In Act 2 scene 4 of Henry VI, Part 1, Somerset says to Plantagenet that his father was executed for treason. Can I have an explanation of the issue?
Yes, the complexities of the family tree and the rival claims to the throne during the War of the Roses are confusing at best and impenetrable at worst! The scene you actually want to look at is Act II scene 5, when Plantagenet goes to visit his uncle, Mortimer, in the Tower of London. It is Mortimer who gives Plantagenet and us the history behind his father's execution.
Mortimer explains that his own imprisonment in the Tower of London and his father's death come from the same root. Mortimer tells his nepheew that his family next in line to the throne after Richard II, but because of the deposing of Henry IV, Henry's line ascended to power. When Mortimer tried to press his cause as the rightful heir, he was quickly thrown into jail. In response to this, Plantagenet's father raised an army to back Mortimer's claim to the throne and ensure he gained the crown. However, unfortunately, he was captured and executed, which led to the suppression of any claims to the throne from the Mortimers. Plantagenet thus replies that his father's death was the result of nothing more than "bloody tyranny," whereas his uncle cautions him to recognise the dominance of the House of Lancaster now.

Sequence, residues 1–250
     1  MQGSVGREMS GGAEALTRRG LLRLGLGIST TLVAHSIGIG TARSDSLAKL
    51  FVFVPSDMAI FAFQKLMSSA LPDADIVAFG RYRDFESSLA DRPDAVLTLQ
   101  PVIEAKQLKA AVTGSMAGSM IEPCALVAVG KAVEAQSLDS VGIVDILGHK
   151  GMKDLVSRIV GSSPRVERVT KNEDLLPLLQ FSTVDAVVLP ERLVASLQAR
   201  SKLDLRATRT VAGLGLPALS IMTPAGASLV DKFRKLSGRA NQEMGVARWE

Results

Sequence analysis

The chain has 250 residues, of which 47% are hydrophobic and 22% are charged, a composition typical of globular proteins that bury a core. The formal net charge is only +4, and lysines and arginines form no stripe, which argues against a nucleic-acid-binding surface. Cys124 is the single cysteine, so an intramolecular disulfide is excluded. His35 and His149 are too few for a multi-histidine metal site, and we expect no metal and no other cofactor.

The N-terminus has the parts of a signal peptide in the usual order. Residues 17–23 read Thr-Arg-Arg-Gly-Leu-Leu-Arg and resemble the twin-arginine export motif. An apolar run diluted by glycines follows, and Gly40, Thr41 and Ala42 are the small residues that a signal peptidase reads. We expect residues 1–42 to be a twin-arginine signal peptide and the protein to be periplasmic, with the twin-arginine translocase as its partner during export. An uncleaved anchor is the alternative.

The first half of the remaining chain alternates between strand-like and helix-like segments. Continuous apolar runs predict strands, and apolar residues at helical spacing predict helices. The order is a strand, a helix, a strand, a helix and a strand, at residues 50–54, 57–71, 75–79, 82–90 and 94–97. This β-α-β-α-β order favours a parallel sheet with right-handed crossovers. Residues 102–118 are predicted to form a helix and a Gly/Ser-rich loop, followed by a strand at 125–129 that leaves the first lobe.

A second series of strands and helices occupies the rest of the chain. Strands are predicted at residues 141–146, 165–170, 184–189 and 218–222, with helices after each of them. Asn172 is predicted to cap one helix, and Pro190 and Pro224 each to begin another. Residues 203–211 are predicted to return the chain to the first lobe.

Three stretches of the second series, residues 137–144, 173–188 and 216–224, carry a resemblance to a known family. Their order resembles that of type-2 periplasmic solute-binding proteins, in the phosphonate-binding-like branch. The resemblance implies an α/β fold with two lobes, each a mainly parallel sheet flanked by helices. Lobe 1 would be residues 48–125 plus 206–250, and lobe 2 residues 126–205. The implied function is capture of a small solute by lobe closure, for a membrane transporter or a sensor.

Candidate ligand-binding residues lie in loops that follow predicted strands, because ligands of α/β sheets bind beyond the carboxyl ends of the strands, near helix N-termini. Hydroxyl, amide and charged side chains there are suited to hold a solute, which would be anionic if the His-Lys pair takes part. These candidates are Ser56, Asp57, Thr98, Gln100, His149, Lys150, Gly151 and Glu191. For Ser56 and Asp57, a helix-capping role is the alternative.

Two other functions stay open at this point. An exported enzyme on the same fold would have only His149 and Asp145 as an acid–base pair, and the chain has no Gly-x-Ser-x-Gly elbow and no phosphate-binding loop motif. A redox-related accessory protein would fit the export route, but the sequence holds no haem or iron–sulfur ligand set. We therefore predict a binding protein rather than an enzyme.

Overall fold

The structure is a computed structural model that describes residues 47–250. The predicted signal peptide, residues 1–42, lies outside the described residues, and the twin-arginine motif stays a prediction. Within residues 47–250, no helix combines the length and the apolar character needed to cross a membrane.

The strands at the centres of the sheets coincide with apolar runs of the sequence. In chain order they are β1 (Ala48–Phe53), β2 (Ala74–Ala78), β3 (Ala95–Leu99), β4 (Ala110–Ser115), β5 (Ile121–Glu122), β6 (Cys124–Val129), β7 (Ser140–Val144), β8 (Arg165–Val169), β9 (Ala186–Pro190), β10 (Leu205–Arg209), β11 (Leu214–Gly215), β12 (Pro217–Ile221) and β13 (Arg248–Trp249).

I have included a link below to the enotes study guide section of this play, and in addition there is a link to a family tree that might help you steer your way through this play. Good luck!